As Brødsgaard underlies, in 2003, in order to bring control on these companies SASAC (State-owned Assets Supervision and Administration Commission of the State Council) was create, a commission being charged with exercising authority over the business groups; however it was not authorized to receive dividends and to appoint leaders of the largest companies which were ranked at ministerial/vice-ministerial level. The business groups had turned in small kingdoms. Control over the public sector was obtained through the Nomenklatura system: a list of positions the Party controls through direct appointment or recommendation, managed by the Central Organization Department. Such list contained around 4000 positions including government ministers, provincial leaders, heads of the most prestigious academic institutions and heads of the most 53 important companies. The 53 companies not managed by SASAC and managed by the Central Organization Department are the new Nomenklatura companies in strategic sectors such as electricity, nuclear engineering and construction, aerospace science and technology corporation, aviation industries, shipbuilding and so on. One way of controlling is rotation: cadres have a term of maximum 10 years and many of them have previously served in enterprise and have a business background. In fact, 52 of China's governors and vice-governors have previously worked in Chinese big business and the opposite trend is true the same. That's why Brødsgaard introduces the term pantouflage, a “shuffling across” between politics and economics.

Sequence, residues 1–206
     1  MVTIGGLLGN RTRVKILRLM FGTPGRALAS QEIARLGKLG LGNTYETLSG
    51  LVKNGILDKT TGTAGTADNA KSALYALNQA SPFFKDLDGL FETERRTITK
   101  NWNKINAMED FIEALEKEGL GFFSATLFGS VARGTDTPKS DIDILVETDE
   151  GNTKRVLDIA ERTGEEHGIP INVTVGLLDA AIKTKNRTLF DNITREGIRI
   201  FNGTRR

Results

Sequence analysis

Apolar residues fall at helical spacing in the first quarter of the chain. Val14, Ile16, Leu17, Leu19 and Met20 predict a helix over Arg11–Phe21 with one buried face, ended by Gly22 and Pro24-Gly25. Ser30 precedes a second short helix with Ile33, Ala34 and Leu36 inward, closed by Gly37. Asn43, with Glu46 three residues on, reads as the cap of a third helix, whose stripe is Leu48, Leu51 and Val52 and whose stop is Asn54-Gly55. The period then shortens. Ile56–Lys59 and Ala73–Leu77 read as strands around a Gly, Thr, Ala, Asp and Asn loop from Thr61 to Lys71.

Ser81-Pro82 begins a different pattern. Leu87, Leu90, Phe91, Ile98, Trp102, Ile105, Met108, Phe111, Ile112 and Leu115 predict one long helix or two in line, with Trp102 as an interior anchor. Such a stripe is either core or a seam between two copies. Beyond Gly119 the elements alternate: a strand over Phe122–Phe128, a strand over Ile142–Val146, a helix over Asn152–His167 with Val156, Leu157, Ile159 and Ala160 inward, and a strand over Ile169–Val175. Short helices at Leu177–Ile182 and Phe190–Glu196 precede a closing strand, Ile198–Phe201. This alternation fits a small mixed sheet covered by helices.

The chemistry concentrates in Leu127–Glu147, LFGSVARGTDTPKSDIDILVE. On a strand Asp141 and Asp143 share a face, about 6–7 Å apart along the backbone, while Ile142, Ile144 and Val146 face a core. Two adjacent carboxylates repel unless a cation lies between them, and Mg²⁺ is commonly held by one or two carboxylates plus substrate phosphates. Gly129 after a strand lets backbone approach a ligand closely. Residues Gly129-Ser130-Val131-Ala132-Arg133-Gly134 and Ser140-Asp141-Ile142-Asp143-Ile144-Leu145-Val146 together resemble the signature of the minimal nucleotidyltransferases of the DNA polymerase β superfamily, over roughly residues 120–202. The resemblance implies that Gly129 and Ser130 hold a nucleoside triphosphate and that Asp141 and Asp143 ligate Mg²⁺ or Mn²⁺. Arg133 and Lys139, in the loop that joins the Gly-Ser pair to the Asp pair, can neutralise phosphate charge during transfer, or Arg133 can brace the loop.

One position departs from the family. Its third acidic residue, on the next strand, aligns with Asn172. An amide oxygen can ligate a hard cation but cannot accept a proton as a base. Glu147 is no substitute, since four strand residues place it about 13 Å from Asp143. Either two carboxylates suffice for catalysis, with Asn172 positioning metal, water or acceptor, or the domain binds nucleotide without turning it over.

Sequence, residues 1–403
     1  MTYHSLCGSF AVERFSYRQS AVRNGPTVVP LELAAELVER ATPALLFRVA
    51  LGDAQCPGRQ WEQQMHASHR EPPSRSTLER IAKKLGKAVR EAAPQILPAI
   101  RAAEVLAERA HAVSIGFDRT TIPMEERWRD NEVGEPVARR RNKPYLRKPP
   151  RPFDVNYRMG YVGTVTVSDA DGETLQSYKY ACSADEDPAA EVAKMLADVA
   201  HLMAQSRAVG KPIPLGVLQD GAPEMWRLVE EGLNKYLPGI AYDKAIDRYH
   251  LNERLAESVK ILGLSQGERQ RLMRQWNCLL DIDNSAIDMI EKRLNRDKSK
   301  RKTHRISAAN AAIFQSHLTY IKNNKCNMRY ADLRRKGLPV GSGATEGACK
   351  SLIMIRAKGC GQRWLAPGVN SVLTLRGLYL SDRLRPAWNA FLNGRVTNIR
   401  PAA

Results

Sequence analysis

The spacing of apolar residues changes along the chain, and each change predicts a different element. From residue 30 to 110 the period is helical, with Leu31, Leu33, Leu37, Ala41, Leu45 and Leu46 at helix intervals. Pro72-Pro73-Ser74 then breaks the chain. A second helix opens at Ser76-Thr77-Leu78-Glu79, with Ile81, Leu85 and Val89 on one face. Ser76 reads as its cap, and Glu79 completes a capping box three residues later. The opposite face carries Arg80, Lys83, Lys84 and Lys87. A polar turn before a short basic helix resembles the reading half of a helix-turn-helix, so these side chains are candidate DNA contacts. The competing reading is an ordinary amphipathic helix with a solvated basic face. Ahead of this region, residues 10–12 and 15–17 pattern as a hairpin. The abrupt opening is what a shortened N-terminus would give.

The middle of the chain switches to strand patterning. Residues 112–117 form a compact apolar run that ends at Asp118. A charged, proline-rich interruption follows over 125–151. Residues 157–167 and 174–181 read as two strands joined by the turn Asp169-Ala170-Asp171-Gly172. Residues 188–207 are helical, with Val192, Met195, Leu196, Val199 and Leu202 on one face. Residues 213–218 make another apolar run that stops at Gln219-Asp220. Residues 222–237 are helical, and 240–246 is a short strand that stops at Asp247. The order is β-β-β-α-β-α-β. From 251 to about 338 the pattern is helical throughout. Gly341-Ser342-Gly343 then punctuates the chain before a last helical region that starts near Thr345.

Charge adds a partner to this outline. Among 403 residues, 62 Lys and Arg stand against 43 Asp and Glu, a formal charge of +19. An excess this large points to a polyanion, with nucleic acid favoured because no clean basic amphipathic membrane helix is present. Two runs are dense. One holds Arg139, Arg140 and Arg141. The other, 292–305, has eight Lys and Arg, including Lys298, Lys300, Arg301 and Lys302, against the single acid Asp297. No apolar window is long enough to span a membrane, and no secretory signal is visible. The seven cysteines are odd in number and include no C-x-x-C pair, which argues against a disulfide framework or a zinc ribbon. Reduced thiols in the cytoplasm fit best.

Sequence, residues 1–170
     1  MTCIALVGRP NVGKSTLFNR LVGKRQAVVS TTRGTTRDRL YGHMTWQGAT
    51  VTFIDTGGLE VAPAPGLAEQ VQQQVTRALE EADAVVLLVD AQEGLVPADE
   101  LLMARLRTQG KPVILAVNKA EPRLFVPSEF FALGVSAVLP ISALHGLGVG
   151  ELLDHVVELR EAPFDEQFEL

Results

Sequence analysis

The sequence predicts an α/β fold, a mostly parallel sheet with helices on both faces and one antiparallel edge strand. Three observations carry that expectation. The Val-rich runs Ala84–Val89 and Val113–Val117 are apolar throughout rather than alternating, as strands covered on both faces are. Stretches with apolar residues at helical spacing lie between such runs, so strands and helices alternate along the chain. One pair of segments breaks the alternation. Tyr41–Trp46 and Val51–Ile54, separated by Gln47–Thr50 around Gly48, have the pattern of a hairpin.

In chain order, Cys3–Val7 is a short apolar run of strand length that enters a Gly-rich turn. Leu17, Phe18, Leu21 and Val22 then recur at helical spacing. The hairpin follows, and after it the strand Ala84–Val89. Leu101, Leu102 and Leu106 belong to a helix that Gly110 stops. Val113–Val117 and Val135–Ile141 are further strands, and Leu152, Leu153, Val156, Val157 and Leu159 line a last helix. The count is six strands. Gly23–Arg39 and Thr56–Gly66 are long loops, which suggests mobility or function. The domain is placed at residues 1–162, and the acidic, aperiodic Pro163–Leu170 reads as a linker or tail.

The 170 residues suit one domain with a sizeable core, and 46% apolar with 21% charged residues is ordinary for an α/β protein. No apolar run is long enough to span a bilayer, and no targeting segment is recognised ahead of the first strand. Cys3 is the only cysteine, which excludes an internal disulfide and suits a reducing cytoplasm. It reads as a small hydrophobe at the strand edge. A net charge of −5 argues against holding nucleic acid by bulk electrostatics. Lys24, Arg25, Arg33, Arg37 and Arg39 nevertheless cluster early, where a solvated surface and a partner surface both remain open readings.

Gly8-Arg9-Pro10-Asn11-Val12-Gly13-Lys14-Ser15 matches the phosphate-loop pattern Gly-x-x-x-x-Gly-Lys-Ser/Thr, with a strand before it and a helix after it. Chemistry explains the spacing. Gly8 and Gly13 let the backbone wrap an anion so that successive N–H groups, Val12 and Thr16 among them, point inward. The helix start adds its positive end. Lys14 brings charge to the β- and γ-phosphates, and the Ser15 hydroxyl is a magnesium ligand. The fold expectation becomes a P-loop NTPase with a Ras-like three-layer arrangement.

But, even if SOEs are so powerful, since they are based on huge government support, if you carefully look at the profit you can acknowledge it is not a real one: according to Unirule, the State supports the SOEs by access to land a very low prices, unpaid rent for nationally owned resources such as oil, gas, and coal, cheap loan, fiscal advantages, and so on. Comparing the data about real and nominal profits, it seems clear that there is an illusion of profit.
Pointing out at the conclusions of his conference, after such a picture, Brødsgaard asks: why not reform? Because there are strong vested interests: the elite has access to highly paid jobs in the SOE sector, SOE leaders enjoy high salaries and very informal bureaucratic ranking and also a method of recruitment and promotion. As Brødsgaard has defined it, “this iron triangle of Party-State-Business interests is the heart of the beast” for many reasons: it blocks further reforms, it is a source of corruption and a source of cash in which there are entire family networks involved and, in such a situation, corruption seems to be one of the most problematic issues since the large business are integrated in the political power system.
The debate which followed the conference was very interesting and several students took part at it, even if very young – most of them being at the first year of the Bachelor degree. Among these, one was particularly touching: a chinese student took the floor in order to thank professor Brødsgaard for having portrayed so a detailed picture about her own country, a chance that would have not been so easy to get if she was a student in China.

Azzurra Mancini - Direttore: Alberto Manco